saying everything that you were taught before me was wrong. what i am saying is true. if someone were going to get on television and say that you would look at them as a cult leader. that's the way jesus was looked at in his time. the most disturbing thing is there are so many opportunities for president obama and other individuals running if the white house to get in front of a microphone and say this is america. it doesn't matter what your religion is because we have freedom of rnl and freedom of expression and none of this should impact the white house but they duck it and pandering by saying no, i'm christian, or if you are romney you don't talk about it at all. someone needs to stand up and remind america what it stands for. right now we are only ducking the question because no one wants to offend the far right. >> you are preaching there. >> yeah. >> sorry. >> i usually try to make it short or shorter answers but i
think this is an important conversation. thank you. thank you for being honest here on television. will, what do you say to that? and does it help or hurt the republican party and most of all does it help or hurt the person he introdo you understanded which is rick perry. does anyone win in all of this? that's a tough question to answer, don. it goes back to your original question to me is how much does the issue matter to voters? i can't deny it matters something to some voters but the question none of us can answer is how much. to be honest, we are all guessing. will this help or hurt rick perry? i'm sure there are a segment of people that believe the same thing about mormonism. should he win the primary, i don't know. i think lz has some interesting things to say about religion but i don't think it answers the question that is if religion is
so important in what we are why should it be expect we exempt from the debate? appreciate your candor coming up and i like the honesty of the conversation. keep it up. thank you very much. the ultimate case of trying to find a need until a hay stack. look at the lengths one virginia woman is going through to find her husband's lost wedding band. their story will break your heart. and then, in one blinding blink of an eye, their tree had given its last. but with their raymond james financial advisor, they had prepared for even the unthinkable. and they danced. see what a raymond james advisor can do for you.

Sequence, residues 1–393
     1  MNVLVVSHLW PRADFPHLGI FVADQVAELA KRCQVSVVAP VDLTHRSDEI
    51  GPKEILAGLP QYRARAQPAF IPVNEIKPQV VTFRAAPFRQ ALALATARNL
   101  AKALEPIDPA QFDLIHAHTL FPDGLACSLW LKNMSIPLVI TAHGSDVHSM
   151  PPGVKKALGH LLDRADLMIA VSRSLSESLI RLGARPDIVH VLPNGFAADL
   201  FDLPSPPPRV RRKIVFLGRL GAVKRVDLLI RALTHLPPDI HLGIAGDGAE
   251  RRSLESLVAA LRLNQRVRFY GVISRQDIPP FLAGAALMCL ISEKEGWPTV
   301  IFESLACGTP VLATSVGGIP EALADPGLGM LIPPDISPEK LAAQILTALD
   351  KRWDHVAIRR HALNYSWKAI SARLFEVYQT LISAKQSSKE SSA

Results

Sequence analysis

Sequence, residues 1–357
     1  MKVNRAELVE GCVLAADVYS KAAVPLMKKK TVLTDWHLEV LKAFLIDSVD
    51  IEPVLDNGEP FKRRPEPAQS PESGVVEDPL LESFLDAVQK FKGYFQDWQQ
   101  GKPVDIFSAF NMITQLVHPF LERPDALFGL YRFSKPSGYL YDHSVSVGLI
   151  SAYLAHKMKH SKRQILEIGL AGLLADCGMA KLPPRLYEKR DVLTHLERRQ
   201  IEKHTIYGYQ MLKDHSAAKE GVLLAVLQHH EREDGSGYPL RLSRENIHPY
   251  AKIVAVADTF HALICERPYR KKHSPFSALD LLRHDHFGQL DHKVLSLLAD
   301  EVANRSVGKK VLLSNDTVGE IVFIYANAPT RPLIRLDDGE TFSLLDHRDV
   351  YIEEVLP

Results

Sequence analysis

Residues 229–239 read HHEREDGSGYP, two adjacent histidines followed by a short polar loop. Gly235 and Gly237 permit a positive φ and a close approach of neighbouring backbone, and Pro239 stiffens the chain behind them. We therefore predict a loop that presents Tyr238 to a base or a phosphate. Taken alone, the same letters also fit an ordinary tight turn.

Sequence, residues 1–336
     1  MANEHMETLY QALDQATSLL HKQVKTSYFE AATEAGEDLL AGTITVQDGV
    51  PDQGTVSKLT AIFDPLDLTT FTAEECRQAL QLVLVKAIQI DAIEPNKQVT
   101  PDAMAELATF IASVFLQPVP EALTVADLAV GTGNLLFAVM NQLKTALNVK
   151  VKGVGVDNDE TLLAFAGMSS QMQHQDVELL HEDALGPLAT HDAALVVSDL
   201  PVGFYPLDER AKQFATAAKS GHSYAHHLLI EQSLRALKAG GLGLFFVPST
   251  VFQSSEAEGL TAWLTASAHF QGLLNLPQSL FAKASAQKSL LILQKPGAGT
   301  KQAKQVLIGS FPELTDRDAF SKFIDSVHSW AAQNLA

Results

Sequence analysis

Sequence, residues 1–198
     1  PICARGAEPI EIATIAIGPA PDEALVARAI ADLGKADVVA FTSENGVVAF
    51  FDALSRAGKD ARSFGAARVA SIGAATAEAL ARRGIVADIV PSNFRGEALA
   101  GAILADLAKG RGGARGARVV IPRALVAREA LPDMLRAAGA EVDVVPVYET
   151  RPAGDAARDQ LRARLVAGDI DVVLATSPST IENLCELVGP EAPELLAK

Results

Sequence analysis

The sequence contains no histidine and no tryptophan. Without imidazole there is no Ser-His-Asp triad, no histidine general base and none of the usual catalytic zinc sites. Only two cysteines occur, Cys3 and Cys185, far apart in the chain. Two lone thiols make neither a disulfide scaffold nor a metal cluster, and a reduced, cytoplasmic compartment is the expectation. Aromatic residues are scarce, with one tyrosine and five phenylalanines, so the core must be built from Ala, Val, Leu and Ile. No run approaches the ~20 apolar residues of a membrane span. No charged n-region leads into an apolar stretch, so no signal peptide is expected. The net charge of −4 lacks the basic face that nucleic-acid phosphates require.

anniversary of the longest running world in afghanistan. one lowest points occurred in kaug chen an attack on a chinook helicopter killed americans. vaughn's widow was among them. his widow lost his wedding band. she had been wearing it since his death. she told me about the last conversationing they had on his 30th birthday. >> i told him to be careful and he said don't worry about me. he said i'm not afraid because i know where i'm going if something happens to me. aaron was a christian and he stood firm in his faith. >> so that was aaron's grandmother back in august when it first happened. now his wife is joining us now. since then, you have sadly lost your husband and now you lost one of the things that you think that was closest to you and him. >> absolutely. he left his wedding band with me before this deployment.
and the day that i found out he had been killed in action, i went downstairs and i had been wearing it on my right hand thumb ever since that day and i took a trip to texas last week and looked down on one of the flights and realized it was missing and that i had lost it. so it was pretty crushing. >> the producers asked you for a picture of the ring and you looked for it and you think this was the last time you wore it? >> absolutely. i was looking through my camera for another picture and i noticed on october 1st, i had taken this and i was wearing the ring. my father snapped it of me on the plane and i was like okay, that's one less place. i know it's not in the hotel or the rental car. that it is actually on the plane n the charlotte airport or on the next plane. thrifty rental car was wonderful they tracked down the rental car, took the seats out. pulled up the flooring to look for this ring.